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Wednesday, 12 September 2018

Mortgage arrears down in Q2

Expense scrutiny

ASIC is reportedly applying an awful lot of scrutiny to household living expenses detail on mortgage applications at the present time. 

In one sense this is understandable and sensible, though some brokers are questioning the value of scrutinising standing orders for ten bucks per month when mortgages are typically being assessed at a minimum rate of 7¼ per cent (while, incidentally, assumed negative gearing deductions are assessed at the actual rate). 

See what the most respected industry stalwarts are saying about the level of scrutiny mortgage applications have been under...

In reality most people with a mortgage can and will cut back on discretionary spending if they need to. 

It's true that in some instances borrowers have fallen into mortgage arrears, though in most cases there are extenuating circumstances such as unemployment, divorce, illness, or in many cases a subsequent splurge on (unregulated) consumer debt, such as new car loans.  

Home loan delinquencies decline

There's just one problem with the prevailing record mortgage stress narrative: hardly anyone is defaulting on their loans.

Despite recent increases in arrears in Western Australia, the Northern Territory, and pockets of regional Queensland, the arrears rate fell by 5 basis points in 2Q18 to just 1.09 per cent according to Fitch's latest Dinkum RMBS Index.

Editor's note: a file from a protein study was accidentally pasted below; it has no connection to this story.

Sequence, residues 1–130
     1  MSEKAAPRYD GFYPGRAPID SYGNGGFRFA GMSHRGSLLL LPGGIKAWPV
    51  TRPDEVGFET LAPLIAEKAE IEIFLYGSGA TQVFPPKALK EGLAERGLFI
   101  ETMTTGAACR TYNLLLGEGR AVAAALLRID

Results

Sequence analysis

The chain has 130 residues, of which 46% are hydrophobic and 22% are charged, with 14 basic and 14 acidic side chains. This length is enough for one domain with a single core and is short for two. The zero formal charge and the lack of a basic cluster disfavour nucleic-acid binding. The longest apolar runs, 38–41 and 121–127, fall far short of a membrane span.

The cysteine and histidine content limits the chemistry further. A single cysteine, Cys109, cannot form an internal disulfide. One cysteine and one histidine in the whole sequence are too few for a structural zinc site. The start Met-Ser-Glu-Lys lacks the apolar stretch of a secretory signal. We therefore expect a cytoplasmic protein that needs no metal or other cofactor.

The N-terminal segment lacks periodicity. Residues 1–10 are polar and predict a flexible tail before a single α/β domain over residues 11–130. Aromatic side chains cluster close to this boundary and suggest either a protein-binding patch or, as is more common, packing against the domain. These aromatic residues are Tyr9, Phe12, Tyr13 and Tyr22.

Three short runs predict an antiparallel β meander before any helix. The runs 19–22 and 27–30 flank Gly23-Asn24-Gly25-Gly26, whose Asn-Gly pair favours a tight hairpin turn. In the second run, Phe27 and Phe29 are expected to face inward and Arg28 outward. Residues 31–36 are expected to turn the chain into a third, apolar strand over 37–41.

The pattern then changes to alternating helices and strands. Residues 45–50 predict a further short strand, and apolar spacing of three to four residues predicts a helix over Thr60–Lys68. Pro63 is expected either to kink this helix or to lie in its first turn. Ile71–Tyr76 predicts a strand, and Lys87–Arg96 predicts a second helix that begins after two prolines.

Prepayment rates were low in 2018 at below 20 per cent, reflecting tighter lending standards. 

The annualised loss rate of Prime RMBS peaked at 0.08 per cent in June 2010 and June 2013, but the trend has now been stable at just 0.02 per cent for the past three years to June 2018.

Don't be deceived by the chart scale - the loss rate has never exceeded 0.08 per cent. 

Losses are reported after sales proceeds and may take up to 12 months from default to be realised.

However, Fitch expects recent out-of-cycle rate increases to have no effect on credit quality, while Fitch also expects that losses will remain low thanks to a strong economy and improved lending standards.

The non-conforming RMBS index continued to decline by another 2.12 per cent to just 5.26 per cent  in the June 2018 quarter, down from a peak of 20.9 per cent in the first quarter of 2009.

Will this be reported anywhere?

Not as newsworthy as anecdotes, perhaps...